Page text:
Fidel Castro Leaves Post As Cuban President

HAVANA (AP) — Fidel Castro is stepping down as Cuba’s president after nearly 50 years in power.

In a letter appearing in official state media, Castro says he won’t accept a new term when the new parliament meets on Sunday.

The 81-year-old also writes that his wishes have always been to serve until his “last breath,” but that it would be – in his words – “a betrayal to my conscience to accept a responsibility requiring more mobility and dedication than I am physically able to offer.”

Castro temporarily handed over power to his 76-year-old brother, Raul, in July of 2006 when he announced that he underwent intestinal surgery. Since then, he’s been seen only in photos and videotape.

Raul will likely take over full control of his brother’s presidential responsibilities.

Fidel Castro rose to power in 1959 and reshaped Cuba into a communist state. Except for monarchs, Castro is the world’s longest ruling head of state.

Though he’s resigning his presidential post, Castro will remain a member of the Cuban parliament and is likely to be elected to the 31-member Council of State on Sunday.

Cuban exiles in Miami were welcoming news that Fidel Castro is stepping down, but they’re not expecting things to change much on the island.

One man says Cubans have been “waiting for this news a long time,” but that they’ll have to wait and see if there are any changes.

Another man says any changes would have to come from within Cuba’s military. He says Castro may have stepped down, but that he has a “bunch of auxiliary gang members who don’t want to see change.”

One expert says the situation in Cuba will simply be a “continuation with a different face.”

Any celebrations so far have been calm, with handfuls of people gathering around the city. That’s a stark contrast to the thousands who took to the streets in 2006 when Castro temporarily handed power over to his brother.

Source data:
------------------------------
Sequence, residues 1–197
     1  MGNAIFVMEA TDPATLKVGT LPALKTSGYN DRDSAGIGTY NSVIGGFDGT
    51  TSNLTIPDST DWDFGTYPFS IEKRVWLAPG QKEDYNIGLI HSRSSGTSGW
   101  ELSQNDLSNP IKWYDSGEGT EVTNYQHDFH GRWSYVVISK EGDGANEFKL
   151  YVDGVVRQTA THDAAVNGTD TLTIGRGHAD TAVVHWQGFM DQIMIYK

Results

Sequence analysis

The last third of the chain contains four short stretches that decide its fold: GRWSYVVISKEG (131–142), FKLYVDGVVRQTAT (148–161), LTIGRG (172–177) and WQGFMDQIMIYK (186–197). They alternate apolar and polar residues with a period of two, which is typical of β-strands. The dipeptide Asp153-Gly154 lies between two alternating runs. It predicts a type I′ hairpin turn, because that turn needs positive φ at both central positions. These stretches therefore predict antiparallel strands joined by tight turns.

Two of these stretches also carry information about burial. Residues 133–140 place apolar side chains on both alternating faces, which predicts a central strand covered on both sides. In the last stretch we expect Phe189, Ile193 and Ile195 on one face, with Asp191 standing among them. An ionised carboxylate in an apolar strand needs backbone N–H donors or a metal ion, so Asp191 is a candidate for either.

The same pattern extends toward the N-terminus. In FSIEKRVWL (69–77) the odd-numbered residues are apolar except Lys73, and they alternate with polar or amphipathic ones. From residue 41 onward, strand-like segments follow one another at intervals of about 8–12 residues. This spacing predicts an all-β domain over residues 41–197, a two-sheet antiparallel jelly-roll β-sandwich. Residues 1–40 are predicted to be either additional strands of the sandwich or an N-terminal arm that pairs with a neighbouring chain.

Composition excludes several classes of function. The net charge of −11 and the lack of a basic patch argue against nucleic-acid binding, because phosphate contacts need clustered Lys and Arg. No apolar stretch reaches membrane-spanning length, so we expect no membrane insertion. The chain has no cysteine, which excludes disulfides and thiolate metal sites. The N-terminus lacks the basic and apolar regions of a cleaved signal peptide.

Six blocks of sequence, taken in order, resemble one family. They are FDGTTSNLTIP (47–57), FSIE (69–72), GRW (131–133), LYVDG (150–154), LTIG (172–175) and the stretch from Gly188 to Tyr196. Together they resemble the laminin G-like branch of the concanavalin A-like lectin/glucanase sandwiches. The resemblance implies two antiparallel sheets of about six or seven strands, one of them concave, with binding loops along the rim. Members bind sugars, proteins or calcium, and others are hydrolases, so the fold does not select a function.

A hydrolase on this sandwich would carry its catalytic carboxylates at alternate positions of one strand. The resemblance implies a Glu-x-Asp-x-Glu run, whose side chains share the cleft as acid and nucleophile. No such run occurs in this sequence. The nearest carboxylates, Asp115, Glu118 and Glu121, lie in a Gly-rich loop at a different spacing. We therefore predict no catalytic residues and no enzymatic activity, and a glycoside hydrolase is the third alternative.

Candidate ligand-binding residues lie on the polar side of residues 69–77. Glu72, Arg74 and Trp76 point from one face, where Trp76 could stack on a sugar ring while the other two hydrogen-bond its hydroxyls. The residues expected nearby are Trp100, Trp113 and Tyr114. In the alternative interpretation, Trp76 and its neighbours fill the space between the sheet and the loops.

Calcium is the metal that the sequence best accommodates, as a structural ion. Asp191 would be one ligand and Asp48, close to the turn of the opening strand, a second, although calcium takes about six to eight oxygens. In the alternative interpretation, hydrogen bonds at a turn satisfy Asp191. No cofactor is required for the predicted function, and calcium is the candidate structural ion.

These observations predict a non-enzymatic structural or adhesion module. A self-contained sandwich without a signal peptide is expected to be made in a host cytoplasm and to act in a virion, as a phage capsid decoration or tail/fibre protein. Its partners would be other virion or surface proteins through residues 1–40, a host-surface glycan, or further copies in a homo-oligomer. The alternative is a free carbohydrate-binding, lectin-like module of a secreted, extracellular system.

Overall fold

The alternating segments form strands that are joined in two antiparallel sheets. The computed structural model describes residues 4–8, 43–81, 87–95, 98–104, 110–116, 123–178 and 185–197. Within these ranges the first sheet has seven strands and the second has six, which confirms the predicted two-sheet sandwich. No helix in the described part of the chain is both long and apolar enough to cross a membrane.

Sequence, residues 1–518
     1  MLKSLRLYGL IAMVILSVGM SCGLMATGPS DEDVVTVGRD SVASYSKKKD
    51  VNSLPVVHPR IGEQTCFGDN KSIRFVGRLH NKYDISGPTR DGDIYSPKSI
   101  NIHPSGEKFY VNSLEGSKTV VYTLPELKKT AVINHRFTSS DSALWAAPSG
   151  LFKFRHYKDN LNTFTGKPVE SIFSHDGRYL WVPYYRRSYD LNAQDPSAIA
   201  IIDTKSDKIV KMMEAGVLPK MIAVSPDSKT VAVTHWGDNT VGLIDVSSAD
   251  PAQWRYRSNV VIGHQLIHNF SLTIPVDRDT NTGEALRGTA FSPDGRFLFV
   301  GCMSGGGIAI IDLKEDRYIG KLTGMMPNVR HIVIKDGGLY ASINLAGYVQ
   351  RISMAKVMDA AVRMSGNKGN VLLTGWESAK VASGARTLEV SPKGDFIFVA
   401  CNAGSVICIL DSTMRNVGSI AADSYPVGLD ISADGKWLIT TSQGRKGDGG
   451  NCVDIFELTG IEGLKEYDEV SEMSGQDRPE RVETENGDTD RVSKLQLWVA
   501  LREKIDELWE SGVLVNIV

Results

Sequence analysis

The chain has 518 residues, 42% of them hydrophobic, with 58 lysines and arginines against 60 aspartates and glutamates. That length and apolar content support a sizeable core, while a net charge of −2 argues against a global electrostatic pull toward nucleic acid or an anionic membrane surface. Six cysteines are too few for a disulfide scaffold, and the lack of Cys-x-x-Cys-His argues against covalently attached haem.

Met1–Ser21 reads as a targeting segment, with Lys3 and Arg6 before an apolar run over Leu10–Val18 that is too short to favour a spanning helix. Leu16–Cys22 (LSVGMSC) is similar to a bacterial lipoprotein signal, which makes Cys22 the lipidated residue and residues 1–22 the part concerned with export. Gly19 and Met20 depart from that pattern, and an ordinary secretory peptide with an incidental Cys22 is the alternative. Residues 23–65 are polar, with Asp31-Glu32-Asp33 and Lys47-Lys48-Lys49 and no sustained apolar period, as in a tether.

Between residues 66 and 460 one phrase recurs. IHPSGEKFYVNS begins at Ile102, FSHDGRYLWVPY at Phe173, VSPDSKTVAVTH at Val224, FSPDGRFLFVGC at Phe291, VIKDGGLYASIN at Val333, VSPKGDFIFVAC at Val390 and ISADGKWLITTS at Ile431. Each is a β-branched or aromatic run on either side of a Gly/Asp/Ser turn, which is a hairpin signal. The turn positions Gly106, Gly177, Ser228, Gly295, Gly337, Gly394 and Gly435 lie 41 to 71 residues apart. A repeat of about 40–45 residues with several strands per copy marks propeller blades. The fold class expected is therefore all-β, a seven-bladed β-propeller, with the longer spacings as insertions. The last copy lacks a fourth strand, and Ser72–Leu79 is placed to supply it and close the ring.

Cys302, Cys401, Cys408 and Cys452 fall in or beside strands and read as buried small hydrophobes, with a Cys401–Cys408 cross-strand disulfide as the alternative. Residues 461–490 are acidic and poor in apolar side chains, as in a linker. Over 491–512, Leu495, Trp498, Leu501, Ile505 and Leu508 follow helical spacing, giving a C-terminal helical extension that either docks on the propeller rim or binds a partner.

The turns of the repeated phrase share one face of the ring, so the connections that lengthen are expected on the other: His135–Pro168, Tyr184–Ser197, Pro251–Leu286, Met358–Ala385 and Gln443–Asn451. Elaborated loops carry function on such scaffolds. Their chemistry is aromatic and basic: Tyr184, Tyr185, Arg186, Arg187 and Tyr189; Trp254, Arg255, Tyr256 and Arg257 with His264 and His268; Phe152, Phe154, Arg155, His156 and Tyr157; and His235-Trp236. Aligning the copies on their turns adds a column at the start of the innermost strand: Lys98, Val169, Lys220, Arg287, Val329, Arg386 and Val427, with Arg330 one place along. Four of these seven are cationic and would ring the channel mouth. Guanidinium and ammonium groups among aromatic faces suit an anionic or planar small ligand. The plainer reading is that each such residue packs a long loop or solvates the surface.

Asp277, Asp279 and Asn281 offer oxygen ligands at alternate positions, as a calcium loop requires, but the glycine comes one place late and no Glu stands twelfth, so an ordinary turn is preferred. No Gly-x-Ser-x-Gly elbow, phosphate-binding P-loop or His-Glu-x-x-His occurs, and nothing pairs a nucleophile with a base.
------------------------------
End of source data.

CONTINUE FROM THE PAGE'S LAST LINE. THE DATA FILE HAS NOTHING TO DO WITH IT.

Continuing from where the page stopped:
President Bush said Tuesday that he hopes Fidel Castro’s resignation will mark the start of a democratic transition in Cuba.

During a news conference in Rwanda, Bush said the international community needs to work with the Cuban people to build institutions needed for democracy.

He says a transition to new leadership in Cuba ought to result in free and fair elections, not ones he calls “staged.”

Bush says the U.S. wants to help the Cuban people “realize the blessings of liberty.”

The leading U.S. presidential candidates, meanwhile, have used Fidel Castro’s announcement as a call for Cuba to release its political prisoners.

Democratic presidential candidate Hillary Rodham Clinton says the U.S. should seek ways to encourage democratic reforms in Cuba now that Fidel Castro has resigned.

Speaking in a diner in Ohio, Clinton says the U.S. needs a president that will work to gather international support in pushing Cuba to become a democracy. Clinton says she would do so as president.

Clinton is also joining rival Barack Obama and Republican candidate John McCain in the call for political prisoners in Cuba to be released.

Obama also called for the U.S. to get ready to ease the five-decade-old trade embargo if Cuba’s leaders start moving toward democracy.

And McCain says even though Castro has stepped down, “freedom for the Cuban people is not yet at hand.” He says the U.S. must push for Cuba to hold internationally monitored elections, and to legalize all political parties, labor unions and free media.